New programs feed grads into health fields
Three medical-related fields at the University of South Carolina are graduating their first classes this spring.
Twenty-four nursing students from USC’s Salkehatchie and Lancaster campuses are the first graduates of a program that allows students there to earn BSN degrees from the College of Nursing without traveling to Columbia for most of their classes or clinical training.
Salkehatchie and Lancaster faculty teach the first two years of nursing prerequisites, including anatomy, physiology and microbiology. USC Columbia nursing faculty teach the upper division nursing courses through distance education technology. Fourteen students from Salkehatchie and 10 from Lancaster received their nursing degrees through the program.
“This is a multi-dimensional public/private effort aimed at putting more people to work in health care,” said Ann Carmichael, dean of USC Salkehatchie. “It addresses the rural nursing shortage, puts people to work in higher-paying jobs, and offers opportunities for students who can’t leave their communities because of personal obligations.”
USC is also graduating its first class in biomedical engineering, with 10 students earning bachelor’s degrees. The program has 143 undergraduate students in the program, with 105 new students expected to arrive in the fall, and is the only Biomedical engineering program in the state.
“The biomedical engineering degree programs represent Carolina’s commitment to a true synthesis of biology, medicine and engineering,” said program director Abdel Bayoumi.
The program was designed and developed “to train students to initiate, to integrate, to imagine and to invent new processes and new products in order to improve human health,” said Bayoumi, who is also a mechanical engineering professor.
The South Carolina College of Pharmacy graduates 183 students in the first class of the integrated University of South Carolina and Medical University of South Carolina pharmacy school. The two schools joined in 2004, bringing together the resources of a major academic medical center and a large comprehensive university. The idea was to leverage the resources of the two colleges of pharmacy to create a college on par with the best in the country. Classes are held at both the Charleston and Columbia campuses.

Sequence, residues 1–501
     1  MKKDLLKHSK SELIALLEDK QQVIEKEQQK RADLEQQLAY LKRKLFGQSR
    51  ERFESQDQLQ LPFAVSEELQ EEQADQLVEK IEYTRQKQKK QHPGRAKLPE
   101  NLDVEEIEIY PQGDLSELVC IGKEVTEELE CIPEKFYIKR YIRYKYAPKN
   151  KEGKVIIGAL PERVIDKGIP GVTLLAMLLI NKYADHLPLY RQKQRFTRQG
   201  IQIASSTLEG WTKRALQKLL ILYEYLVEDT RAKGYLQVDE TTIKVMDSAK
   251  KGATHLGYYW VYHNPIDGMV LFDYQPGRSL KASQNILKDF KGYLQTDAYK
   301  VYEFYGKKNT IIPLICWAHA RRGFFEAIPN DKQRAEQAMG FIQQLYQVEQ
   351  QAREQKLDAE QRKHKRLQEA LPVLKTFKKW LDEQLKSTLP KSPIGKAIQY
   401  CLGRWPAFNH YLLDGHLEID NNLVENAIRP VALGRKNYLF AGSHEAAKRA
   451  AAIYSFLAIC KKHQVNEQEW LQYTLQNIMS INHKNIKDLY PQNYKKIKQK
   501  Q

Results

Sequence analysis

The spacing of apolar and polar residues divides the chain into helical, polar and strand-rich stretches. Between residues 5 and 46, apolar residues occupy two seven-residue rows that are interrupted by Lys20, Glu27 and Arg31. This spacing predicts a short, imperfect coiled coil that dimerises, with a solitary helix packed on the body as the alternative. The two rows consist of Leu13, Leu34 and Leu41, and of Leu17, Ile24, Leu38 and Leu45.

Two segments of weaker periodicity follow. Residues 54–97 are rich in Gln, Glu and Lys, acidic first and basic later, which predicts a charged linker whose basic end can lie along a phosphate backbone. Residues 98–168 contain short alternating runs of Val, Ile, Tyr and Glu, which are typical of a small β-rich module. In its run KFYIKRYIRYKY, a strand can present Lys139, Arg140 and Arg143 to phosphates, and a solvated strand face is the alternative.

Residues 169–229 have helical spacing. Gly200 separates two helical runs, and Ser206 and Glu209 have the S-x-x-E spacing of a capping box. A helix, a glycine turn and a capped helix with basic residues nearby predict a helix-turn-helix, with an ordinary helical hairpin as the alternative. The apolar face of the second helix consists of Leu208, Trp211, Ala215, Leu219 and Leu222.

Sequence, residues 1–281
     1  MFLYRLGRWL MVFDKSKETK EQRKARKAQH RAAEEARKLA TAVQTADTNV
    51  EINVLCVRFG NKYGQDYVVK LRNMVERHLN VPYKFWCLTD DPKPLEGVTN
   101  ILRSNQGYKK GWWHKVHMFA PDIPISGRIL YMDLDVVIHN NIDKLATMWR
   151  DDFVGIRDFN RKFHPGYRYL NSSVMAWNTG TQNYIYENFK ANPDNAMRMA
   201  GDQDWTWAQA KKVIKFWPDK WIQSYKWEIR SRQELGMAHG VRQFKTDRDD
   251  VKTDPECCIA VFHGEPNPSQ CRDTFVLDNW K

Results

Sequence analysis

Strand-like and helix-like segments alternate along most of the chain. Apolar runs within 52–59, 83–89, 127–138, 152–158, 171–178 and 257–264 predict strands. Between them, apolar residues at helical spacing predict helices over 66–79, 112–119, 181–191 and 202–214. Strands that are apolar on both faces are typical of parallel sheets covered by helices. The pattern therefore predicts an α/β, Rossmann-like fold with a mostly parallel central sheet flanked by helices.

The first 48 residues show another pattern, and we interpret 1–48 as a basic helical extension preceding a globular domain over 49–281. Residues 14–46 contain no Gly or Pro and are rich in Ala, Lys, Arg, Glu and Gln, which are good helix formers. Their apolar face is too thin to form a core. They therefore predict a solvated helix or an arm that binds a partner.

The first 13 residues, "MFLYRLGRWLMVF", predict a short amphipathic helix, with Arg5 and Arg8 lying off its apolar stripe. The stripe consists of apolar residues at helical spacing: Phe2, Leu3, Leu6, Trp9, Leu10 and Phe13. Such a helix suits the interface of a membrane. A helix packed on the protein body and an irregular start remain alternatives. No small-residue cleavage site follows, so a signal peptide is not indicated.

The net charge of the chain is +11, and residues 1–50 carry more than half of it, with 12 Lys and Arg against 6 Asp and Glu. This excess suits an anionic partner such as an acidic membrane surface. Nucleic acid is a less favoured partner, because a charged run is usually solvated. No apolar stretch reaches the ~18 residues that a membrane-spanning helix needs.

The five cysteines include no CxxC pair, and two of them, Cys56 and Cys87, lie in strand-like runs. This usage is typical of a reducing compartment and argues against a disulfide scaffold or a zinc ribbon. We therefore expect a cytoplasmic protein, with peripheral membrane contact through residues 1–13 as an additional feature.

“During the past four years, we have implemented one of the best curriculums in the U.S., we are the program of choice for hundreds of applicants, our research productivity is up, our facilities have been improved, many of our faculty and students have received national awards and recognitions, we have exceptionally strong partners in health care organizations, and we are attracting top faculty. Not all of that is directly attributable to the integration, but it is clearly working to our advantage,” said Joseph T. DiPiro, executive dean of the South Carolina College of Pharmacy. “The proof is the caliber of the young men and women we are sending into the profession as SCCP graduates who are USC or MUSC alumni.”
New programs boost health
- Nursing: Students at Salkehatchie and Lancaster earn BSN degrees without having to travel to Columbia
- Biomedical engineering: Undergraduate degree a synthesisy of biology, medicine and engineering
- Pharmacy: Joint program with MUSC graduates 183 students in first class